Like Dante I am lost in "a dark wood of error," reflecting on my experiences in racism.
Going to high school in a small, mostly Catholic town east of St. Louis, I realized only later that the old so-called "Sunshine Laws" kept people of color from spending the night in my hometown. This was one phrase in the language of racism that told people of color that they were not welcome in our Catholic town.
After becoming a sister I learned how the language of racism was/is taught. Like the song in "South Pacific" reminds us:
You've got to be taught to be afraid
Of people whose eyes are oddly made,
And people whose skin is a different shade
You've got to be carefully taught.
One experience that still haunts me happened in 1970. One of our sisters, a classmate, had become involved in a cult. Since both her family and our congregation were concerned, two of us were sent to try to talk her into leaving the cult and returning to St. Louis.
Our destination was a private "colony," located near Coeur d'Alene, Idaho. To make a long story short, the two of us were allowed to meet with our sister, only because the "colony" thought we might be interested in joining them. We arrived at the designated street at 9 p.m. A pickup truck was parked nearby, driven by a man from the colony. Our sister got out of the truck, dressed in full habit, and handed us each a habit to wear into the colony. We were instructed to follow the pickup truck down a very dark road.
We arrived at a house, and after a brief welcome were invited to join a discussion group. We listened to a tape with some cult members. It was a speaker whose topic was "Martin Lucifer King."
I remember listening for the first few minutes, looking at my friend, and feeling like I was going to be sick.
The other participants were white "Catholics" whose rigid ideas on women, hatred of Pope John XXIII — they called him the Antichrist — and their obvious obsession with "correctness" in liturgy, shocked me.
I realized only later that white nationalism was the foundation of their way of life. This was my first experience of meeting the far right in person. The all-white community of well-educated "Catholics" were devout in their worship (all in Latin), encouraging young women to become members of a new religious community, and supporting the teachings of Pope Pius XII, while repudiating Vatican II.
Our very long three days and four nights with them still evoke feelings of deep sadness and a sickening feeling of the consequences of unquestioning obedience. The "priest-founder" used his supposed mystical experiences and fear of hell to foster compliance.
In the course of our visit, we had almost no time alone with our sister. She was even followed into the community bathroom by a member of the cult, lest we try to talk to her about coming home.
As we were leaving after no success in helping our sister see the need to leave, one cult member shouted at me in the parking lot: "You are going to hell. You've seen the truth and have walked away from us!"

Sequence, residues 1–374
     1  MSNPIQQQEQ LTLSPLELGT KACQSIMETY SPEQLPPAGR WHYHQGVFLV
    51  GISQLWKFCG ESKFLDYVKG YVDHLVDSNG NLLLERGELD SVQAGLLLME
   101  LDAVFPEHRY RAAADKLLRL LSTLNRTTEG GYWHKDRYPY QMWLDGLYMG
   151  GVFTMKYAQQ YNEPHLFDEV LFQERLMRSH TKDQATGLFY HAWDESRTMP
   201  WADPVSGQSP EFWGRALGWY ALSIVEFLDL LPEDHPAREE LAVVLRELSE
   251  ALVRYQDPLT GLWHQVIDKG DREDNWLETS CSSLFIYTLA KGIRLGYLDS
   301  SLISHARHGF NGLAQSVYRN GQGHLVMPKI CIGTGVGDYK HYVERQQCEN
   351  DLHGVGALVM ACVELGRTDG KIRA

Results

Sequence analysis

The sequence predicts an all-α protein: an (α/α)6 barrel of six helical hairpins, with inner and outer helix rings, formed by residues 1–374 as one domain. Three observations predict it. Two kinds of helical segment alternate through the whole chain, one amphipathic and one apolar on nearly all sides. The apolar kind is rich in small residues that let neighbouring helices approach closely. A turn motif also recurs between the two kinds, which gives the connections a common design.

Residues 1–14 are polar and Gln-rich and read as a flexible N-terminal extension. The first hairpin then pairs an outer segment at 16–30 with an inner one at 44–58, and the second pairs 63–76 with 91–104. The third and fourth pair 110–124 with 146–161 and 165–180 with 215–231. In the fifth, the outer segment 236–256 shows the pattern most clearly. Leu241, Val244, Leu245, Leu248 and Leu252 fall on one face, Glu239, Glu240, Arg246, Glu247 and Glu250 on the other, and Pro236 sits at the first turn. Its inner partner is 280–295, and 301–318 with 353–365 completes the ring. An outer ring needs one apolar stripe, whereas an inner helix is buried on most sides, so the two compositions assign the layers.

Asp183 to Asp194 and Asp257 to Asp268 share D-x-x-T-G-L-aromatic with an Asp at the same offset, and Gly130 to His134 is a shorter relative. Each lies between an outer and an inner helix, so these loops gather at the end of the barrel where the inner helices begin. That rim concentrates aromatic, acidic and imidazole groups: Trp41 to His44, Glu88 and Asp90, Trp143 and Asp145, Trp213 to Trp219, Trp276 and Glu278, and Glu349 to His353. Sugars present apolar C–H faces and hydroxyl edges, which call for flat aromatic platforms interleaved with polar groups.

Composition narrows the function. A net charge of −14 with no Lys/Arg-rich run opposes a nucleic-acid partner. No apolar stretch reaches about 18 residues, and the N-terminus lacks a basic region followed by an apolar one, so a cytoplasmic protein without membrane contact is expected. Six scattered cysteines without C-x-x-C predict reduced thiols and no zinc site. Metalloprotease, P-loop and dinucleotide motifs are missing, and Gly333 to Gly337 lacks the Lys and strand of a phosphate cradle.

When we joined our sisters living in Spokane, where we spent the night before returning home, we enjoyed a stiff drink!
As the years passed, the priest — who had become a bishop — left the colony, married one of the nuns, and absconded with the money.
Eventually, our sister did leave the cult and the congregation, but carries deep emotional scars.
This experience continues to haunt me as I see signs of deepening racism in our politics, laws, and so much more.
I believe that just as racism is taught, it can also be recognized and repudiated, and I hope systems will be changed which keep racist attitudes in place.
Today I realize that the area of Coeur d'Alene is home of the Aryan Nations.
After reading what is happening in my state, I felt the same sick feeling that reminds me that well-organized groups are reinforcing racist patterns, even as I write this.
Recognizing that racism has got to be carefully taught, I was reminded of an ordinary moment of shopping for school supplies at a local teacher's store. Standing for a moment by my car in the parking lot, I noticed an African-American mother with two small children walking toward the store. She had her purse and a child on one hand, and another child held her other hand. All at once I noticed a car driven by an older white man, his wife seated next to him, pulling out of his parking spot and pulling up dangerously close to the woman and her children. He stopped and gave her "the finger" and then squealed out of the parking lot! I stood by my car shocked at what I had seen.
To this day I am sorry I did not express any support to the woman and her children, but instead went into the store as if nothing had happened. I am ashamed and humiliated by my lack of empathy and support.
And there are so many other moments of my blindness and racist behavior.
What makes me realize my racist remark, attitude, or neglect only after my action? Am I so totally unaware of the dignity of another that my conscience is deadened to the weight of my own "tribalism," where I revert to a former evolutionary state where difference is seen as a threat?
As I renew love for my country this Thanksgiving, I want to dedicate my energies to building community, as described by Rabbi Abraham Heschel:
To act in the spirit of religion is to unite what lies apart, to remember that humanity as a whole is God's beloved child. Racism is worse than idolatry. Few of us seem to realize how insidious, how radical, how universal and evil, racism is. Few of us realize that racism is the gravest threat to humankind.
[Judith Best is a School Sister of Notre Dame and coordinator of SturdyRoots.org. She gives presentations on the heritage of the School Sisters of Notre Dame and is also exploring evolution as the bridge between science and religion.]